Companies Will Have A Lot To Say
The biggest thing that separates corporate business travel from leisure travel is who pays for the ticket. When paying for the ticket themselves, passengers tend to be highly price sensitive and will choose flight options and cabin options that result in the lowest available fare. But when a company is buying the ticket, all of sudden a nonstop flight at the right time and in a premium seat all matter much more than the price. This is why corporate travelers pay three to four times the rate of leisure customers.
Most companies have policies regarding traveling with family, or staying on extra days to take advantage of local opportunities. The fact that these policies exist further support that this blended travel is not a new thing. But a blended trip won’t happen unless the company paying for the trip allows it. As businesses look for ways to attract and retain the best talent, it’s likely that flexibility in this area is something that is increasing. Alternatively, the company may require that the employee pay themselves for extra family members or extra days on the trip. This would put the employee into the “pay themselves” mode and they would likely look for lower-cost options than they might demand from their company when flying for business. The point is that the employee on their own cannot choose to take a blended trip without at least the company accepting the time and/or expense of the leisure portion.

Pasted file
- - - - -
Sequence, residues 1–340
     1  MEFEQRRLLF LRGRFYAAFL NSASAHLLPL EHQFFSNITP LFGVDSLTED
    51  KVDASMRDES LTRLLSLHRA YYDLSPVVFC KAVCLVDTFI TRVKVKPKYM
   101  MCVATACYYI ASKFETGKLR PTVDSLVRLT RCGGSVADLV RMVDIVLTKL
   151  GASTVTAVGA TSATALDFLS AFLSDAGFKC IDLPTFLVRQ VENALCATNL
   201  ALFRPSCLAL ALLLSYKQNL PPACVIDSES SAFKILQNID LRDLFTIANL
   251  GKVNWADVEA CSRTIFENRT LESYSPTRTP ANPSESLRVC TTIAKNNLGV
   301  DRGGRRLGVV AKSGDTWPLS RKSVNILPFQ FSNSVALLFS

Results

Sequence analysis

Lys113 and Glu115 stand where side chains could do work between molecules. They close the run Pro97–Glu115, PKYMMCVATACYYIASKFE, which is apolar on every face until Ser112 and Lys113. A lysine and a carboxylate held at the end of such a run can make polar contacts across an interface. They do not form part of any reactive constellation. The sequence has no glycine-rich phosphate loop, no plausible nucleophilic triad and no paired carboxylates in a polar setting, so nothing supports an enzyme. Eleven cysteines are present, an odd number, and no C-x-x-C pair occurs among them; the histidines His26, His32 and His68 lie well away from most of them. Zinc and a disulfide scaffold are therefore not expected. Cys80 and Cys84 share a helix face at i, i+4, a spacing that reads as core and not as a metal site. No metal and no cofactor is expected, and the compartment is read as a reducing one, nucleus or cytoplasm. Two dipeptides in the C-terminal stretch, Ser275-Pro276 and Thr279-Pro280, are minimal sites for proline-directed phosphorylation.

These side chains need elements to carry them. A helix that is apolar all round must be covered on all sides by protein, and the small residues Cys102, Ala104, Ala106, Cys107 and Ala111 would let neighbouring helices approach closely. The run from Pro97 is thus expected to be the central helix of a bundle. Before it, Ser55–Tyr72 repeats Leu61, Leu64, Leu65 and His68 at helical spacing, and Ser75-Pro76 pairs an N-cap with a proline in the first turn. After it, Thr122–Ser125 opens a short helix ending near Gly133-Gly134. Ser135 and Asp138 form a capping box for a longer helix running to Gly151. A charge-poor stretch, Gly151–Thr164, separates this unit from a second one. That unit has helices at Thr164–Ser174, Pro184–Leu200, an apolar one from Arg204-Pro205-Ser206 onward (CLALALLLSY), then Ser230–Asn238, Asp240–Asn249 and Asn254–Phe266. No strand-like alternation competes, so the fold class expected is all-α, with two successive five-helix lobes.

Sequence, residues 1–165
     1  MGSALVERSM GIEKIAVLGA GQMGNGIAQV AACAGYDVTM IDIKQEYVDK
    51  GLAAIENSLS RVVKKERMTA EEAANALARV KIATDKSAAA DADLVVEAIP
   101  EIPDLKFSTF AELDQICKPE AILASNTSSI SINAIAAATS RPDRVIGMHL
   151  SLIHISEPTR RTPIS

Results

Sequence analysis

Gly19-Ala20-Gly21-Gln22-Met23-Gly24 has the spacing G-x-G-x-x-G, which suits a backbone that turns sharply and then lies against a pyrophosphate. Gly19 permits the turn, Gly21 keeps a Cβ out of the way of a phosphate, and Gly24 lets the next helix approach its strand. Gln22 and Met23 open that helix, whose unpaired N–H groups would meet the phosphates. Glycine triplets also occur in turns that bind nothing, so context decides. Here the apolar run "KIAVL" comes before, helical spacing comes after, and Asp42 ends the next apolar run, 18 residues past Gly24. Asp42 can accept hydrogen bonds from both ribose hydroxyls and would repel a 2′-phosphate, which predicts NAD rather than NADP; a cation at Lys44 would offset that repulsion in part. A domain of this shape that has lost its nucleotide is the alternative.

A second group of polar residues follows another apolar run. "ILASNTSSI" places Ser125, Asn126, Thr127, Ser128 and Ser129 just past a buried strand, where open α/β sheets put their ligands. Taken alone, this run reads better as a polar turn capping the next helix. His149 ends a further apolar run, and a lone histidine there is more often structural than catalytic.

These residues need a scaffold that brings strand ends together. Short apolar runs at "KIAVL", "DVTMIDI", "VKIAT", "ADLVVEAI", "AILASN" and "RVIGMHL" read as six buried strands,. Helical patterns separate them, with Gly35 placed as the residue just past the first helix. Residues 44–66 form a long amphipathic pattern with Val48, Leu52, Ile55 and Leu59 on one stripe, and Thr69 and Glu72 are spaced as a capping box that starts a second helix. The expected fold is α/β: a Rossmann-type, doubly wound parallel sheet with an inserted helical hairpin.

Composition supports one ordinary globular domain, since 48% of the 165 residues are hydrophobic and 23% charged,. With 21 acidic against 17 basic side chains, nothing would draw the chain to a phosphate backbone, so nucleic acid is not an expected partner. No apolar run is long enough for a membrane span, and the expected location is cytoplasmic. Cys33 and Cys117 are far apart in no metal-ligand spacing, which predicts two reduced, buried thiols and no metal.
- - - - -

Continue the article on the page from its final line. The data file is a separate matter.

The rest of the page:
Not Every Destination Is Equal
Business trips to common leisure destinations like Orlando or New Orleans would encourage more blending of leisure time into the business trip. But a lot of business travel happens in places that may not be as exciting. Or, it’s possible that the destination is more complicated if international and requires visas or other paperwork for entry.
You can have an enjoyable leisure experience in any location. Just seeing new places, eating at a new restaurant, or learning some local history can add to a trip in even the least visitor-friendly places. But not every business trip is going to encourage creating a bleisure trip. Also, times of year may be best to bring family, and available days for extra day adventures may or may not make sense everywhere business has to go. So, while combining leisure activities with some business trips may encourage more business travel, this will be focused in certain places and certain times of year.